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One of the things I love about the communications profession is the fact that while walking down the street, it’s often difficult to immediately pick us out from a crowd. Let’s be honest: You can usually tell with one quick glance when someone is a real-estate agent, lawyer or an account (perhaps because each requires significant training and/or licensing in their respective professions that often gives them a bit of an aura of being . . . different from the rest of us, but I digress). But when walking down the street, you can’t really immediately pick out a communications pro. We just come in all shapes, sizes, demographics and personalities.
Oh sure, we’re typically a hyper bunch, a bit aggressive, too, and maybe a little paranoid that we’re missing out on the next big thing that we should be getting our clients or organizations into. But for the most part, as a whole, communications professionals come from vastly disparate educational and professional backgrounds, and that, to me, is what makes this business interesting.
I know terrific comms people who, in a former life, were lawyers, teachers, ad men/women and a whole slew of other vocations, and had little to no formal education and maybe even training in this business when they first got into it. And they are thriving in their current positions and loving every minute of it.
I also know people like my friend Kate, who has an amazing educational background in communications from a well-respected university that has prepared her for what is already a great career in this business. And then there’s my good buddy Jeff Esposito, who like me, came from the wide world of sports, and spent years pulling out gems of random information from hundreds of pages of stats, creating cool promotions and arguing with coaches after the 10th loss in a row to just do one interview with the media. I’ve been there, and you better believe it prepared me for what I’m doing now.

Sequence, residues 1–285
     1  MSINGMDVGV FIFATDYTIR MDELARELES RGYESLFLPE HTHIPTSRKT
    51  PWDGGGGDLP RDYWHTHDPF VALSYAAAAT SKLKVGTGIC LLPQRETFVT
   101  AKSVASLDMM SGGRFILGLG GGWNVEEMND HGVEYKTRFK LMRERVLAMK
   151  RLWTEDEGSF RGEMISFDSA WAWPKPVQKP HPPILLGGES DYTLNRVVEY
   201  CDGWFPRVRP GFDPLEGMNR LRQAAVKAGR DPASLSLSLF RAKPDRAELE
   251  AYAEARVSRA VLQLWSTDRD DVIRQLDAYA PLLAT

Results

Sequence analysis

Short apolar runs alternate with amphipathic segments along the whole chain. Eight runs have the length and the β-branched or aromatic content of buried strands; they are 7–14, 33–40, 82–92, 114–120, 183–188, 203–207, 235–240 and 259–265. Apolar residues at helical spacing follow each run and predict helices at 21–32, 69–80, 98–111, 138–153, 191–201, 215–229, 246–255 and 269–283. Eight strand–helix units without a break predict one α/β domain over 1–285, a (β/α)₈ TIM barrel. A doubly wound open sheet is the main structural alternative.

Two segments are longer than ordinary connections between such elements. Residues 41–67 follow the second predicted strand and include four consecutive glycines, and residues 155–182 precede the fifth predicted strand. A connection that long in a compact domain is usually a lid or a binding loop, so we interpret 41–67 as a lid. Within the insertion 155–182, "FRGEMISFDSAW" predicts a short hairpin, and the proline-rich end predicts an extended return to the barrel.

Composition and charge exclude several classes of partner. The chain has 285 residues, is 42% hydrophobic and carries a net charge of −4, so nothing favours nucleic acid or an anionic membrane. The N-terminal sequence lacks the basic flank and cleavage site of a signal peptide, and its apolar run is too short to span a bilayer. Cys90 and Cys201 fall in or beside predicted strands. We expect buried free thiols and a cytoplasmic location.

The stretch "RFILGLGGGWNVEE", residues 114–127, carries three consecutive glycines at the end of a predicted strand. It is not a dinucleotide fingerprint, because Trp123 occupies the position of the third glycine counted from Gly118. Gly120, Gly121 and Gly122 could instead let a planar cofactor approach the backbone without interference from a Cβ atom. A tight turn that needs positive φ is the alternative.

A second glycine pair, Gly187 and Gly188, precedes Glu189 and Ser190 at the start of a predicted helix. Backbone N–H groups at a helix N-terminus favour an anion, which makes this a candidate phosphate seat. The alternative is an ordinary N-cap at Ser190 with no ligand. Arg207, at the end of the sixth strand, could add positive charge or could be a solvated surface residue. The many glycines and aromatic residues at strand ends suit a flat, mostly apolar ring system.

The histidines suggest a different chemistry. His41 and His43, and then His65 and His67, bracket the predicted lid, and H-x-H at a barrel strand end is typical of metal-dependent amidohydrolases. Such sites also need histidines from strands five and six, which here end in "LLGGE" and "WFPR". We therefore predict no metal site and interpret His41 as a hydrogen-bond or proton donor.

That doesn’t mean that Jeff and I are any less qualified to be great professionals in PR as anyone else, nor does it make us any better because we come from outside professions. It just makes us professionals, and I know we both have to work our asses off to make up for our lack of formal education in this business, and I think we’re both fine with that.
My point to all of this is that in this recessionary economy, when we are seeing more and more people from professions and backgrounds other than communications and PR, we shouldn’t be the profession that is so quick to jump down the throats of those who are looking for something more enjoyable and fulfilling in their careers. We should embrace this, as it means that the communications profession is a growing, vibrant and highly-respected profession.
IMO: It takes all types to be a successful communicator. Some are bold and brash. Others are quiet and reflective. And still some are a mix of the two. Each can be successful in their own way. And as long as you have a bit of wisdom, a lot of patience and a major drive, a lot of different people from various backgrounds can be successful communicators.
And that’s something we can all be proud of. So what is your background story? How did you finally become a communicator? Me? I have an undergrad degree in exercise science; a master’s in sport management and spent four years working in collegiate athletics media relations before switching over to more traditional PR.
What’s your story?
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